By HARUNA UMAR
MAIDUGURI, Nigeria (AP) — Boko Haram extremists have killed more than 100 people and hoisted their black and white flag over a town left undefended by Nigeria’s military, just 85 kilometers (53 miles) from the northeastern state capital of Maiduguri, a civil defense spokesman and a human rights advocate said Saturday.
Hundreds of villagers in another northeast area, Askira Uba, are fleeing after receiving letters from the Islamic extremists threatening to attack and take over their areas, spokesman Abbas Gava of the Nigerian Vigilante Group said.
“Nine major villages are on the run,” he said.
Survivors said Saturday that insurgents fired rocket-propelled grenades and lobbed homemade bombs into homes, and then gunned down people as they tried to escape the fires in the attack on Damboa town launched before dawn Friday. Most of the town has burned down, they said.
A human rights advocate said the extremists struck again as people were trying to bury the dead later Friday, and said the death toll is probably much higher than 100. He spoke on condition of anonymity because he is not authorized to speak to reporters.
Read more » The Huffington Post
By Akbar Hussain
Mankind reached up to this level after much struggle and sacrifices. The threat of evil was always there but our unified determination and goodness defeated all evils and poised to go further forward. Throughout history mankind faced disease, wars caused by barbaric invasions and natural disasters but the indomitable human spirit withstood all the calamities with resolution and resolve.
When Hitler threatened the modern world with his demonic power the entire humanity fought shoulder to shoulder to defeat the evil forces of Nazism. But now we are facing an enemy of religious extremism equipped with modern technology to cause destruction and war. The most dangerous part of this evil is its claim of divinity which is false and fake but they have millions of supporters behind them. This threat is not confined to any specific place it’s a universal issue now. They are in Somalia as well as in Sweden. This threat is not recognized by a vast majority of Muslims who tend to minimize its threat or put blame on others. They fail to understand that extremism is not an option for anything. No one can make a brew of progress and extremism. Islam basically needed a renaissance but after 9/11 a vicious degeneration has gripped the entire community.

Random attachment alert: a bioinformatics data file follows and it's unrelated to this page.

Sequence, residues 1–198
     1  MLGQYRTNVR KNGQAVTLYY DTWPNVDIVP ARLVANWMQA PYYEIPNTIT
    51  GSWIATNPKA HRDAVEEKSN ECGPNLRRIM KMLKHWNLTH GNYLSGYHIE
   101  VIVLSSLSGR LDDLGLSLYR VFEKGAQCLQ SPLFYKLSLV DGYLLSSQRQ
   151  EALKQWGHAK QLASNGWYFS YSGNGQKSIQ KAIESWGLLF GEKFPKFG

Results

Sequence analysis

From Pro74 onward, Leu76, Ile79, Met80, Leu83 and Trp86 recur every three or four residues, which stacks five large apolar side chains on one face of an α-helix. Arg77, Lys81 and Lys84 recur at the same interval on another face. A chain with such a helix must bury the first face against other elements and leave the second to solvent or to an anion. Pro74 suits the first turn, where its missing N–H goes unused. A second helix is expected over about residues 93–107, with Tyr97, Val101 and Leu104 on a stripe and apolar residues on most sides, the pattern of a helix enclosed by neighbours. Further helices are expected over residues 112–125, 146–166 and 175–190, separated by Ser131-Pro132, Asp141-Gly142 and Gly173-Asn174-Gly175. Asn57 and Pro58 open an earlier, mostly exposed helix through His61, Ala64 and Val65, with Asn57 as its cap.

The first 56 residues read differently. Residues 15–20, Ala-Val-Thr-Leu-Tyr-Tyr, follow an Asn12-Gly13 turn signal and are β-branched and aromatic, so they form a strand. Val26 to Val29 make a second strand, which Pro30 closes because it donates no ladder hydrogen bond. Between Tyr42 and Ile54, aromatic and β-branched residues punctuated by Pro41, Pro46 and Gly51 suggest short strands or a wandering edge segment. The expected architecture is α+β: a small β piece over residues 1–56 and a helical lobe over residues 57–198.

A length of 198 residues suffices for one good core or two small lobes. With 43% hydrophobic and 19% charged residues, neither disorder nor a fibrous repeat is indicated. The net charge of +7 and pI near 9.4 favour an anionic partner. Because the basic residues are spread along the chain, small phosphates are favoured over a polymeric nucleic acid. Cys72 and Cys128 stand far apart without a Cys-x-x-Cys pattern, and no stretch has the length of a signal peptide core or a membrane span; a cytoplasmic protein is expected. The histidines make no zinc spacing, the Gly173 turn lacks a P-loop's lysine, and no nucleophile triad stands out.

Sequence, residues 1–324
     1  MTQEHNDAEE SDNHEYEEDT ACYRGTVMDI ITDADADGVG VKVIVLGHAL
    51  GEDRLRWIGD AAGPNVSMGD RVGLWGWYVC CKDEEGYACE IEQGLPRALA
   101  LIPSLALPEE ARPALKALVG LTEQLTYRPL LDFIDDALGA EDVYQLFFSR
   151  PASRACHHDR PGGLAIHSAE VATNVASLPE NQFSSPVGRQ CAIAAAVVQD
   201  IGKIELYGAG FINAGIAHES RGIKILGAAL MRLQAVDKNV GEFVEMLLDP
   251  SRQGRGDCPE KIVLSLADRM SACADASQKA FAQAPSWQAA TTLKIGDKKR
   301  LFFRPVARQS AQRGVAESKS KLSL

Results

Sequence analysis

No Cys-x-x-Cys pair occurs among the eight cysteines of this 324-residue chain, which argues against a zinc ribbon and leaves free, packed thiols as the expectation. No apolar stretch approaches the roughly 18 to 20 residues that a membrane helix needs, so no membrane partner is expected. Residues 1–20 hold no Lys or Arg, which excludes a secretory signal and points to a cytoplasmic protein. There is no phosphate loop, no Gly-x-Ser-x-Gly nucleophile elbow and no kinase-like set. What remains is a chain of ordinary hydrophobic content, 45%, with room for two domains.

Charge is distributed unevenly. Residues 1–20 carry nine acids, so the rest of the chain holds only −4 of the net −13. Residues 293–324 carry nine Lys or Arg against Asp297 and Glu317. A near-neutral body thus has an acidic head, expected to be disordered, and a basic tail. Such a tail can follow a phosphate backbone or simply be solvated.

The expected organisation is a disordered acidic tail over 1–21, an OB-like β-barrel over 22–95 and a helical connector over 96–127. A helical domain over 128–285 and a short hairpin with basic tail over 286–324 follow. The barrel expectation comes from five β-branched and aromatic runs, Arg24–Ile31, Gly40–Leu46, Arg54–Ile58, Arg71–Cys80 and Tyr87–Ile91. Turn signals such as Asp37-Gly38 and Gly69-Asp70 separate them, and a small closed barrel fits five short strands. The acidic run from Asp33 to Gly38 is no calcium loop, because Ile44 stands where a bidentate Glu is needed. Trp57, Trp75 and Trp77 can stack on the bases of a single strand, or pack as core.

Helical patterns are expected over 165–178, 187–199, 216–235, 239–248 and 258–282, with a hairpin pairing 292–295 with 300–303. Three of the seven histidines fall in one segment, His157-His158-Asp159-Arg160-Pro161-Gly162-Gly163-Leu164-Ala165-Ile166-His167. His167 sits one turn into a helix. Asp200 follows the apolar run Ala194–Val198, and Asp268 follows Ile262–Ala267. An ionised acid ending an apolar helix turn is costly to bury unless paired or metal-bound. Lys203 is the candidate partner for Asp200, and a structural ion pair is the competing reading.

They are universally loathed and degraded but this shame is not felt or recognized by the community. May be we are marching forward to another calamity but there is slim hope that posterity may not like to live in this perpetual threat forever. They may take arms again to defeat the evil once for all to restore peace, fraternity, dignity and faith.
MIRPURKHAS, Pakistan — In a country roiled by violent strife, the southern province of Sindh, celebrated as the “land of Sufis,” has long prized its reputation as a Pakistani bastion of tolerance and diversity.